Huge Collection of 16,800+ Stamps for Sale
at the Portland Estate Store!
THIS COLLECTION HAS BEEN SOLD SINCE THE PUBLICATION OF THIS POST. Community Warehouse has recently acquired an extensive worldwide collection of more than 16,800 stamps. This appears to be from a collector who devoted hundreds of hours in a lifetime of collecting.
The collection dates from the 1800s into the 1960s, with stamps from more than 265 different countries. The collection includes two large binders, stock sheets, stamps in glassine envelopes, some collecting tools and some miscellaneous philatelic related items such as mint files, covers and postcards. There is a mix of mint and used.
The many countries represented include the United States, Belgium, Canada & Newfoundland, France, Great Britain and many British Colonies, Greece, Hungary, Israel, Latvia, Monaco, Netherlands, Norway, Poland, Portugal, Russia, Spain, Sweden, Switzerland, Vatican City, and Vietnam.
For collectors who specialize in specific topics, the collection includes stamps that feature Space, Plants & Flowers, Sports, Olympics, Ships & Boats, Paintings, Birds, Dogs, Cats, Horses, Fish, Airplanes, Trains, Cars, Scouts, Architecture, Autos & Trucks, Dinosaurs, Movie Stars and other Celebrities, Independence, Presidents, Monuments, Royal Weddings, Souvenir Sheets, World War II Victory, Historic Events, Popes, Red Cross, Royalty, plus many others. The stamps in the albums were carefully placed with hinges, with many pages nearly complete. Stamps on the stock sheets are organized by country, with some duplicates, both mint and used.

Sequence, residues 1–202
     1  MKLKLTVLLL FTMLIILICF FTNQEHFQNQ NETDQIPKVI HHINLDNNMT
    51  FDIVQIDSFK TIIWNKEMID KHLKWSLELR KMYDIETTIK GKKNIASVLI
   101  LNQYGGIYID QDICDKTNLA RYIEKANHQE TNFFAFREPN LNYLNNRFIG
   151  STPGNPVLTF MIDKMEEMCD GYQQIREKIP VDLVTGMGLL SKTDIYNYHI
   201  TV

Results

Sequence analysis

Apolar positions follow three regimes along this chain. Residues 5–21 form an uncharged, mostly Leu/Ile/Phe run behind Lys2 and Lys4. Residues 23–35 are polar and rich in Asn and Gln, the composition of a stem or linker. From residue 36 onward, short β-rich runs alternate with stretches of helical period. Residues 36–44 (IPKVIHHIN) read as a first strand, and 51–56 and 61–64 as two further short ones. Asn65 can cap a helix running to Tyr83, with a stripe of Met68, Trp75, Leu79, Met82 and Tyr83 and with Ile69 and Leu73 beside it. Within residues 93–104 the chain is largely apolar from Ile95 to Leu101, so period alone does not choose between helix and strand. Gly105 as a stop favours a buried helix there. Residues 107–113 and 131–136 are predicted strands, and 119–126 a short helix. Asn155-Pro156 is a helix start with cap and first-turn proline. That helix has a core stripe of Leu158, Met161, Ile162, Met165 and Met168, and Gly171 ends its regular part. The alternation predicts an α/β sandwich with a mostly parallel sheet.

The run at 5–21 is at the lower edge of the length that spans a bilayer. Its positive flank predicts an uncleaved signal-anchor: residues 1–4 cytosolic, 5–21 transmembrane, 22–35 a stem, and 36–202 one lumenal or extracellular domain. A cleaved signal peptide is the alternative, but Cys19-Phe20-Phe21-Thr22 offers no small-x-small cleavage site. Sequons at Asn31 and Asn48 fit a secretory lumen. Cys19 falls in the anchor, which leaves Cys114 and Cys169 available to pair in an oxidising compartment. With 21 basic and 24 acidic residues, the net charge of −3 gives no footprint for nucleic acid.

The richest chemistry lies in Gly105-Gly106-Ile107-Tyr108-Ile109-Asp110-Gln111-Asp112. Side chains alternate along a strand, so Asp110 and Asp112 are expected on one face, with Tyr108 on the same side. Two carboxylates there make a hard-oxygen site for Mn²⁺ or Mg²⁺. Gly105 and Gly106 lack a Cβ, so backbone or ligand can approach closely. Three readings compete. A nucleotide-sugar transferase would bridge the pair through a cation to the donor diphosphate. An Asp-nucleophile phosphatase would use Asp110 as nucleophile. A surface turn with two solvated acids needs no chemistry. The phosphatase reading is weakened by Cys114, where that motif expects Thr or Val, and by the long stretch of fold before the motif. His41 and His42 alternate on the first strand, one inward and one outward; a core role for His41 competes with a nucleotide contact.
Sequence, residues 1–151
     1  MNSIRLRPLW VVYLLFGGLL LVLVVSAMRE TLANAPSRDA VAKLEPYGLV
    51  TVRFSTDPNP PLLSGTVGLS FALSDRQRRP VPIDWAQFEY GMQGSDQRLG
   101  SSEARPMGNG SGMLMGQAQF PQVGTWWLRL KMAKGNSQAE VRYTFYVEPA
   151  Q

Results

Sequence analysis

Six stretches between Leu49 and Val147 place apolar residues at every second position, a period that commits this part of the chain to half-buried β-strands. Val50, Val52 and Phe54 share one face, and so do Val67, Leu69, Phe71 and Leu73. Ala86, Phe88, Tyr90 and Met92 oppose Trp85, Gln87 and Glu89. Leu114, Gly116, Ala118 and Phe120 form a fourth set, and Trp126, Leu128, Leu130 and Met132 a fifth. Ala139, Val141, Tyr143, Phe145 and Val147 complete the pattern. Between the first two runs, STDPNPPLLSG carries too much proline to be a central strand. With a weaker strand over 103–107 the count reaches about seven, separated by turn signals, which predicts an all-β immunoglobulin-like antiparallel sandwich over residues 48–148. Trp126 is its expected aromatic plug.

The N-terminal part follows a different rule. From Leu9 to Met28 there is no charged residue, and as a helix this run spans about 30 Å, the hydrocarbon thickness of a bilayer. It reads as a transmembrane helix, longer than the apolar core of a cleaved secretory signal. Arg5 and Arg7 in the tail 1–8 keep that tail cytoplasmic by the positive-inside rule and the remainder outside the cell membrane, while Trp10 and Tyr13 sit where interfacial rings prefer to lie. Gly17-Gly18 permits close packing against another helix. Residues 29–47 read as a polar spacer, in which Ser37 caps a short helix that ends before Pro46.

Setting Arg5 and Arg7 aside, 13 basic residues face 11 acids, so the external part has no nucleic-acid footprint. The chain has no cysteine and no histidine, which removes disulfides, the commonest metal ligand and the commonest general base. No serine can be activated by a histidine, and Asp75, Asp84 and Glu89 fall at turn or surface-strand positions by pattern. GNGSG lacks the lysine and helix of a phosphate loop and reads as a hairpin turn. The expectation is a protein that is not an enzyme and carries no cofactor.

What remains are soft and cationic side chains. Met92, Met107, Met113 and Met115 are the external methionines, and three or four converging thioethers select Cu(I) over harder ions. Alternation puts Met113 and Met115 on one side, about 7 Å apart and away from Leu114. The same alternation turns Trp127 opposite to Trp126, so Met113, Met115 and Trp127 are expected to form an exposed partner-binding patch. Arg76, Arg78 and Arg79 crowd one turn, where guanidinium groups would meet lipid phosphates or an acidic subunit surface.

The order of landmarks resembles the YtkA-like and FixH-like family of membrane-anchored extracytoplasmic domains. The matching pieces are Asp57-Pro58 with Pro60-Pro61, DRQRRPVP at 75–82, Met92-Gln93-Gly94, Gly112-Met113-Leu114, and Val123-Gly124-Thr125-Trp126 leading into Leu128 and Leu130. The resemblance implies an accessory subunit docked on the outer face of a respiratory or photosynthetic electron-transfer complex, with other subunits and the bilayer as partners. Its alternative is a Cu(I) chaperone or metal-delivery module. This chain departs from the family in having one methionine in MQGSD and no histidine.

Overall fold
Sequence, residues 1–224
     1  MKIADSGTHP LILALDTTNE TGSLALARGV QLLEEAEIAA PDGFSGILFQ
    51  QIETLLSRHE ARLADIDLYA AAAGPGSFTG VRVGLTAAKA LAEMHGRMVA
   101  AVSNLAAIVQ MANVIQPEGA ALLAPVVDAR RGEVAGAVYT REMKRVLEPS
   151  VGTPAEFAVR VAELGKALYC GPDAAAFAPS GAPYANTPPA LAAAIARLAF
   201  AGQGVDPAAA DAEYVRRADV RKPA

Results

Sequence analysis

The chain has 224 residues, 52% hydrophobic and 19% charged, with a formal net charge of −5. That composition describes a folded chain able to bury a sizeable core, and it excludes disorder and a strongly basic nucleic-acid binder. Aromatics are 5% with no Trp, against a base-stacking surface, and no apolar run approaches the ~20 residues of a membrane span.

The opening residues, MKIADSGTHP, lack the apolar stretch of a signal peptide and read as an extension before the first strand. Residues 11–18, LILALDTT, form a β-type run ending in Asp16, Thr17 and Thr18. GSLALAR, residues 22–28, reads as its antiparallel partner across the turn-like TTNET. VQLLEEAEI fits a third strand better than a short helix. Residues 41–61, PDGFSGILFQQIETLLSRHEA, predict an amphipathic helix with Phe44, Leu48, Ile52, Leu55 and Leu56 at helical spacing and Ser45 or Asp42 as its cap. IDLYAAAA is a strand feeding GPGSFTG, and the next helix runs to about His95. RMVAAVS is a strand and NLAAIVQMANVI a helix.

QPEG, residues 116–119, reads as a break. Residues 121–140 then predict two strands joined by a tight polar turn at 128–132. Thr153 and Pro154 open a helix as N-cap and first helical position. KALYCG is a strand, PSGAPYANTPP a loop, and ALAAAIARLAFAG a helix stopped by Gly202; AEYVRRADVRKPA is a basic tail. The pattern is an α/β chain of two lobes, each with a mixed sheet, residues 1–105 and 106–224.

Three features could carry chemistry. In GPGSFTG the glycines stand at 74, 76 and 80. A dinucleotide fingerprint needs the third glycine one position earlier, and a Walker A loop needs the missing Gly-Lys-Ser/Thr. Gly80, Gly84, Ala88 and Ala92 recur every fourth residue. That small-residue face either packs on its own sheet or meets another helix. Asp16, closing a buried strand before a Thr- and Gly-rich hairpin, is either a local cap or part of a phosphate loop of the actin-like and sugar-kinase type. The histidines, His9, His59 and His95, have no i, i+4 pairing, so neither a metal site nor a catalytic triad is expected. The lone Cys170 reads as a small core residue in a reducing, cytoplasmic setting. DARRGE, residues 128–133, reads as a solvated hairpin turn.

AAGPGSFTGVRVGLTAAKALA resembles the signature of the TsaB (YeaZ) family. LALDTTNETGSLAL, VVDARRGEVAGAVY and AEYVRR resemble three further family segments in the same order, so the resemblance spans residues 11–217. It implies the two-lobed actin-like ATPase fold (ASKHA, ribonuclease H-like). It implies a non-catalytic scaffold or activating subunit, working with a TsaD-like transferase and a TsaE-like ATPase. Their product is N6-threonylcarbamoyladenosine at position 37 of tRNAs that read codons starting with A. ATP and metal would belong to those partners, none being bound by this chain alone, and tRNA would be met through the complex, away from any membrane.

Our estimate is that the catalog value of the collection is at least $6,000. Note that the collection was carefully reviewed by a long time collector who is a volunteer for Community Warehouse, but some of the more rare and unusual items have not been authenticated.
We are offering this collection at the Portland Estate Store for $850.00.
The collection will be available to view by appointment Mondays and Fridays.
To make an appointment, please send an email to email@example.com.
A LITTLE INSIGHT INTO STAMP COLLECTING and VALUES OF COLLECTIONS
Did you know that:
- The Boy Scouts offers a merit badge for stamp collecting?
- President Franklin Roosevelt was an avid stamp collector?
- The United States has issued several stamps valued at ½ cent?
- The first stamp was issued in 1840 by the United Kingdom?
- There are stamps of all kinds of shapes – round, oval, triangular, hexagonal, and diamond shaped, to name a few.
- Among the animals used to deliver mail include camels, dogs, cats, pigeons, and reindeer!
Many of us have been stamp collectors or have stamp collectors in our families. The hobby is one of the most popular throughout the world. Through collecting and related research, we learn about different countries – both current and long gone, as well as world and local history, culture, art, sports, politics, and important events.
Some collections are very valuable, or have some very valuable stamps, in terms of catalog value or re-sale value. There is value, too, to a collector who enjoys the artwork, educational benefit, or the search for that one stamp to complete a set or country, and who collects for the enjoyment of the hobby more than the value of the collection.
Most collections, or accumulations of stamps, are not particularly valuable. The vast majority of stamps are very common and are readily available at wholesale prices. Some can be purchased for pennies at stamp shows or stamp stores, or in prepared packets found in souvenir shops. Most collections started by young collectors are attractive and appealing, but have very common stamps.
There is a range of things considered in determining the value of stamps or a collection, but the most influential factors are 1) rarity, and 2) condition. Condition includes damage, postmarks, heavy cancellation marks, color, and whether a stamp has its original gum on the back or has been hinged in an album.
You may have a collection that has been handed down over the years, being advised that you should “take great care”, and it is “very valuable”. Yes, you should take great care, and even though the collection may not be very valuable, someone close to you has taken great pride in the collection.